Méid an Téacs

Donegal well represented at Lá Mór na Gaeilge march in Dublin today

Feabhra 17, 2014

Donegal was well represented at the Lá Mór na Gaeilge march in Dublin today where it was reported that 10,000 took the streets.
Marchers gathered at the Garden of Remembrance on Parnell Square and marched to Dáil Éireann to demand their language rights and equality for the Irish language. Coordinated by Conradh na Gaeilge, Lá Mór na Gaeilge was acelebration of Irish for all the family and a massive march forlanguage rights, attracting both members of the Irish-speaking community as well as those with a love for Irish, and drawing crowds of thousands into the streets to show their support for the language.

Donnchadh Ó hAodha, President of Conradh na Gaeilge says: “Conradh na Gaeilge extends its deepest thanks to the thousands that took to the streets ofDublin to take a stand for language rights, and to show the Governments north and south just how much support the language enjoys among the general public this Saturday, despite the atrocious weather across the country this past week. “Every single one of the ten thousand people that attended Lá Mór na Gaeilge was happy and willing to take a stand for the Irish language, to take proactive action to ensure a future for our language. Supporters of Lá Mór na Gaeilge have now put it up to the Governments north and south – are they now willing to take the challenge to choose a future for Irish by acting immediately on our demands?” In keeping with the Dearg Le Fearg / Red With Rage theme for Lá Mór na Gaeilge, the crowd wore red clothes and waved red flags in a striking symbolic display of their anger and disillusionment with the lack of Government support for Irish on Saturday.

Julian de Spáinn, General Secretary of Conradh na Gaeilge says: “Gaeltacht and Irish-language communities north and south are not happy with either Government, as their basic human right to use their language is neither being supported nor legally protected sufficiently. The aim of Lá Mór na Gaeilge was to drive the Governments to recognise and appreciate the importance and the value of the Irish language for this country, as well as acknowledging the fact that the majority of people on this island have a love for the language, but Saturday’s march is just the beginning – we will continue to campaign our public representatives until we achieve fairness and equality for the Irish-speaking and Gaeltacht communities throughout the island of Ireland.” Conradh na Gaeilge organised Lá Mór na Gaeilge following The Language Commissioner Seán Ó Cuirreáin’s announcement that he would be stepping down on 23 February 2014 as a result of the lack of support for the language rights of the Irish-speaking and Gaeltacht community from the Government in the south.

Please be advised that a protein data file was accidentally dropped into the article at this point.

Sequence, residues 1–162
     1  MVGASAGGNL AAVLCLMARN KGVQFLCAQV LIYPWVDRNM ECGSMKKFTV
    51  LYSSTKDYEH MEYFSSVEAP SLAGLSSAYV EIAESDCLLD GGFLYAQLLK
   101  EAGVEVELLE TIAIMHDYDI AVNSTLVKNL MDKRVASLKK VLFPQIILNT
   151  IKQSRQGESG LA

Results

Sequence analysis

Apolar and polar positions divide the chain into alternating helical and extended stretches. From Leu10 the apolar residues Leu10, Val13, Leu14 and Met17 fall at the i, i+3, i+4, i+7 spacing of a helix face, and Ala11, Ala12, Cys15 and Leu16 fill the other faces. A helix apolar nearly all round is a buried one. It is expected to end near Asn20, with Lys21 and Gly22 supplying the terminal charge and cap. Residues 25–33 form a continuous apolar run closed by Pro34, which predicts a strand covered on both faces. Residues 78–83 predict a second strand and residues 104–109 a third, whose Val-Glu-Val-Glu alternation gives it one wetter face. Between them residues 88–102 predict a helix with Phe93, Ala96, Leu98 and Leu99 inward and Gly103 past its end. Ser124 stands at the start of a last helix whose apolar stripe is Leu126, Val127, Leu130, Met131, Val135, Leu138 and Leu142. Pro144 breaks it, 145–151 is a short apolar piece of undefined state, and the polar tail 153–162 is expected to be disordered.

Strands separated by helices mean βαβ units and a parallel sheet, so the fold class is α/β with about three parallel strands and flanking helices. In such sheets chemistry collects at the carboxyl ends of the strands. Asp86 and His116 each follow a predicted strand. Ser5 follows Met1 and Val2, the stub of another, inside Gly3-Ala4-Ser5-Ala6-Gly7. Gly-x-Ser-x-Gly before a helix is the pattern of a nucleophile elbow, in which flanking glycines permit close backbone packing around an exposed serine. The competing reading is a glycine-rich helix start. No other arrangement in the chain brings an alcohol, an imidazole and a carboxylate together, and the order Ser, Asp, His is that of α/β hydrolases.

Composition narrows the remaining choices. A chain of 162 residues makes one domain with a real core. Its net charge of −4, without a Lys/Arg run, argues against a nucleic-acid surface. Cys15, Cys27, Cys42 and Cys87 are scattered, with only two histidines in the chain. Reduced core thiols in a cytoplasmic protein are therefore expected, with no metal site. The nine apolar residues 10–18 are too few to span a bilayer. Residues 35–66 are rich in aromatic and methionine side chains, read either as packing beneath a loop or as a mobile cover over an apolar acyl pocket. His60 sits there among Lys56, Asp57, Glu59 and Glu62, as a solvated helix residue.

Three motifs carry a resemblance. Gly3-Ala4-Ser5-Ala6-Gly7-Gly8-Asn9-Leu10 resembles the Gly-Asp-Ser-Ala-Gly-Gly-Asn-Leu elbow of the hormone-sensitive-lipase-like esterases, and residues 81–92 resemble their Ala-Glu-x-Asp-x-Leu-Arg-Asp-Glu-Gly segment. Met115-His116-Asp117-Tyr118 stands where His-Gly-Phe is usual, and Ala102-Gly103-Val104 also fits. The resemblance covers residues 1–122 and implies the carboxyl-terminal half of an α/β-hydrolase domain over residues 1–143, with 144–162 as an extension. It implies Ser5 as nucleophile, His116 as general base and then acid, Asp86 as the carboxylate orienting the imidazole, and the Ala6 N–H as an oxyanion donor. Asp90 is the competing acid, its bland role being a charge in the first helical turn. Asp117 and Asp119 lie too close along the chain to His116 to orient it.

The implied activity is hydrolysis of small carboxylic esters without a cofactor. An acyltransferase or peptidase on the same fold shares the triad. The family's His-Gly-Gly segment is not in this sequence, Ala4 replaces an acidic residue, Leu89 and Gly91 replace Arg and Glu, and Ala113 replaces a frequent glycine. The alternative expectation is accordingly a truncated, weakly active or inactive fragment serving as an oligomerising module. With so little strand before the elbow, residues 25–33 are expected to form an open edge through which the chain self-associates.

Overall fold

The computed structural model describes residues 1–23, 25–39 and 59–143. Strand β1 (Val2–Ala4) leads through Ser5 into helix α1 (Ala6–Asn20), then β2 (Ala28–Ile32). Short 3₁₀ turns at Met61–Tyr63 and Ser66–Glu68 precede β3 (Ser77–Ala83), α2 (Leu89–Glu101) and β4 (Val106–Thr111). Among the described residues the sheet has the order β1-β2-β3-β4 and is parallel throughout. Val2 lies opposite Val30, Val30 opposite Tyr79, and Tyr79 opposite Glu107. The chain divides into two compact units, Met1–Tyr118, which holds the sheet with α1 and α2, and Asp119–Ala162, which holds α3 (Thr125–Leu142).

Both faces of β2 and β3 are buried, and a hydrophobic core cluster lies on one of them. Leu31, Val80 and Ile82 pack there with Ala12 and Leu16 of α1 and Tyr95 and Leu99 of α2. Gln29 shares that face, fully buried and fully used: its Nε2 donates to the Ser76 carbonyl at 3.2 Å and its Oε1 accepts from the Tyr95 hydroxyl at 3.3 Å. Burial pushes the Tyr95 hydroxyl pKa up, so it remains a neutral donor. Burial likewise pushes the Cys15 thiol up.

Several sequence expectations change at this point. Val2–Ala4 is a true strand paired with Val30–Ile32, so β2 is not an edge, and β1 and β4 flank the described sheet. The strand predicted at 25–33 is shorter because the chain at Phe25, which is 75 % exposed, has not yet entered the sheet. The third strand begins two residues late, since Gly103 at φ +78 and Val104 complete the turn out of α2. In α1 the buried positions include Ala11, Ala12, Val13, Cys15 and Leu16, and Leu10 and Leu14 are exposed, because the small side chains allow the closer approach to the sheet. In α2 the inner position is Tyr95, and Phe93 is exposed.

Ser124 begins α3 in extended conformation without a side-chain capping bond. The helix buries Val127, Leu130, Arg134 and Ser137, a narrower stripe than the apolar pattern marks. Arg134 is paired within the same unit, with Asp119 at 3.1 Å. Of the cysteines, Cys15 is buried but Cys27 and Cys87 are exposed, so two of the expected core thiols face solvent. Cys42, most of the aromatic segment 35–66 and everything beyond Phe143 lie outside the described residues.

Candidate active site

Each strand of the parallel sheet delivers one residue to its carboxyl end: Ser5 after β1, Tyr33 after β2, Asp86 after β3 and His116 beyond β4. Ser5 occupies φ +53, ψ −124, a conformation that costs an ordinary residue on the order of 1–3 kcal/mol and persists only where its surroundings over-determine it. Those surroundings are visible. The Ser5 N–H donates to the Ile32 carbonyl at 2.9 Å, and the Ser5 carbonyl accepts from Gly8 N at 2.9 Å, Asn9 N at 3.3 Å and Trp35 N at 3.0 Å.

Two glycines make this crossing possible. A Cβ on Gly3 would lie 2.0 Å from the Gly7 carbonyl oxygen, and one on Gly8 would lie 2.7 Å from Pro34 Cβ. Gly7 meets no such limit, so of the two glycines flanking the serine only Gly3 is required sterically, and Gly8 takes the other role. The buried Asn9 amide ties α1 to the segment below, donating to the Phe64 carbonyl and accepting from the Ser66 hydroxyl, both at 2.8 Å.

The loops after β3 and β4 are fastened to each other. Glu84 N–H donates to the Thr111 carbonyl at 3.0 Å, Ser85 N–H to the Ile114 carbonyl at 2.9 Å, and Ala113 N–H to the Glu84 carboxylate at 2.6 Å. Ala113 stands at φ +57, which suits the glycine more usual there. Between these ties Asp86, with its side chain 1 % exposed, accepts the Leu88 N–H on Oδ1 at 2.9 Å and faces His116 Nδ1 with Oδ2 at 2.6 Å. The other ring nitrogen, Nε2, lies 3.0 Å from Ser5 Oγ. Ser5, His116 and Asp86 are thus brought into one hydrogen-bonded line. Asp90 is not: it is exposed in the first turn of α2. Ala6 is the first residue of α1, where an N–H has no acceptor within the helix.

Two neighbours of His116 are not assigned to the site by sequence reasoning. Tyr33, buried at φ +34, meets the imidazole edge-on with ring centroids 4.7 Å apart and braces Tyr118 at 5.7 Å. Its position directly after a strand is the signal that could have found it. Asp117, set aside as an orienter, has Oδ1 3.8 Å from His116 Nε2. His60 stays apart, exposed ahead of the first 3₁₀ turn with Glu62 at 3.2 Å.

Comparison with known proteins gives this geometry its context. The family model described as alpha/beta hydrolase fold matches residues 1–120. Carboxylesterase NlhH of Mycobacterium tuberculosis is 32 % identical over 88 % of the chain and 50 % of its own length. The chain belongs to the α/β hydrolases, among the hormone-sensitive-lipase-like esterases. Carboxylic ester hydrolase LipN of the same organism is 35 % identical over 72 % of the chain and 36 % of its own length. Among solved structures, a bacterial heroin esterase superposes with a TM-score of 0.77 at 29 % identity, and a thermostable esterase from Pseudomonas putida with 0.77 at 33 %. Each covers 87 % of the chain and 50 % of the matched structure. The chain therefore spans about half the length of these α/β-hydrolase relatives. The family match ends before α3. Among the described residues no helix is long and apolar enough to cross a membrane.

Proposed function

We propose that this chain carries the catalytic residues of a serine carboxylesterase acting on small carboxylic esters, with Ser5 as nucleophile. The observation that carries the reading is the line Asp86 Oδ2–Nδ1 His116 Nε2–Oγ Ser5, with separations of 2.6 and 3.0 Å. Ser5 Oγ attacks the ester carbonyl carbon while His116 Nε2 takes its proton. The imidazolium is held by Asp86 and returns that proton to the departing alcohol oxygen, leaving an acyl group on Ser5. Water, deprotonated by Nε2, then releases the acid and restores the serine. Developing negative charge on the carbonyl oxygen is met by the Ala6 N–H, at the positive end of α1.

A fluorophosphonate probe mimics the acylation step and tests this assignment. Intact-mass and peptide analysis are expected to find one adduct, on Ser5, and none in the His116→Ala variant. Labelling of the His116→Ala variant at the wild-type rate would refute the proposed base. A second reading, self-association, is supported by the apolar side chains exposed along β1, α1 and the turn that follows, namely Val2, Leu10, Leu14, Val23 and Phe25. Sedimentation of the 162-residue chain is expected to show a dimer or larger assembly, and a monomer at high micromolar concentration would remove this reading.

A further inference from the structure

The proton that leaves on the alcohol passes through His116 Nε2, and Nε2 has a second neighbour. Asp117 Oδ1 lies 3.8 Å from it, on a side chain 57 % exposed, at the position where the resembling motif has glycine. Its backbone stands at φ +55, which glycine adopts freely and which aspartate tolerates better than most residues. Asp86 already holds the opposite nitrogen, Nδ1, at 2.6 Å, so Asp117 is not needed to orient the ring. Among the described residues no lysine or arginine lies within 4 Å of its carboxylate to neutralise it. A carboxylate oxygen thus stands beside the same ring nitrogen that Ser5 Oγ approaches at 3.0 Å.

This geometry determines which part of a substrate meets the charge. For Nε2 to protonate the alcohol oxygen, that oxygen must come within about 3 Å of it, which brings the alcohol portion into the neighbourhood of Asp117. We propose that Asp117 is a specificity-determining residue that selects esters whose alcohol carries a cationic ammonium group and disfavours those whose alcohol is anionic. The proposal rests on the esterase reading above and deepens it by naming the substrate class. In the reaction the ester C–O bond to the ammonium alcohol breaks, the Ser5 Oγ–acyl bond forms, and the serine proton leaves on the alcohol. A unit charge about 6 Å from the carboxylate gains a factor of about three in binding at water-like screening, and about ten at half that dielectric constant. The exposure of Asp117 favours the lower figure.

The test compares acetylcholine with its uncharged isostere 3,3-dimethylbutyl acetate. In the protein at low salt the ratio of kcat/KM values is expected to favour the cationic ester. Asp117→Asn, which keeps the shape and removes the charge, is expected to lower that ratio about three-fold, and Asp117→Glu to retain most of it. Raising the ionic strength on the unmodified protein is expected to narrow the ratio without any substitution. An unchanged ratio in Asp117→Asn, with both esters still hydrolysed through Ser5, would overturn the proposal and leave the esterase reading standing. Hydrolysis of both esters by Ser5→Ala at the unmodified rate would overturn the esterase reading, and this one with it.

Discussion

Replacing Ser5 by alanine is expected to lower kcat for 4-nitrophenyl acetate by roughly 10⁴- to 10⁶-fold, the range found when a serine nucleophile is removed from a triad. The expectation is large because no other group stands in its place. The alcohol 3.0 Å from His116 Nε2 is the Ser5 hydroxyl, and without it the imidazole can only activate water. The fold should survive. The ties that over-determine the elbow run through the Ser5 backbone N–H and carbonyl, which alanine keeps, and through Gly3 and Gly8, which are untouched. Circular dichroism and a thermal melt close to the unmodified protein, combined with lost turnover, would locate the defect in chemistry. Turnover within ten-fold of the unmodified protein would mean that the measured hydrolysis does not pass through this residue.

The campaign for human rights gained momentum with the publication of a report by The Council of Europe on 16 January 2014 which noted that the growth and promotion of the Irish language in Northern Ireland is being blocked by hostile attitudes in Stormont, and a lack of support for its use in the courts and in education. Based on the recommendations of An Coimisinéir Teanga and those voiced at public meetings across the country, below are the demands Conradh na Gaeilge agus the attendees of Lá Mór na Gaeilge are calling for to ensure language rights and equality for Irish:

The Gaeltacht community must be guaranteed State service through Irish, without condition or question, by the end of 2016;

State services must be made available in Irish to the Irish-speaking community at the same standard as they are provided in English;

A comprehensive rights-based Irish-language act must be enacted in the north;

The Official Languages Act 2003 must be strengthened in 2014;

The derogation of the status of Irish as an official language of the European Union must not be renewed after 1 January 2017; and The Irish-language and Gaeltacht community must be recognised as stakeholders in the implementation of The 20 Year Strategy for the Irish Language 2010 – 2030 in the south and in the Irish-Language Strategy in the north.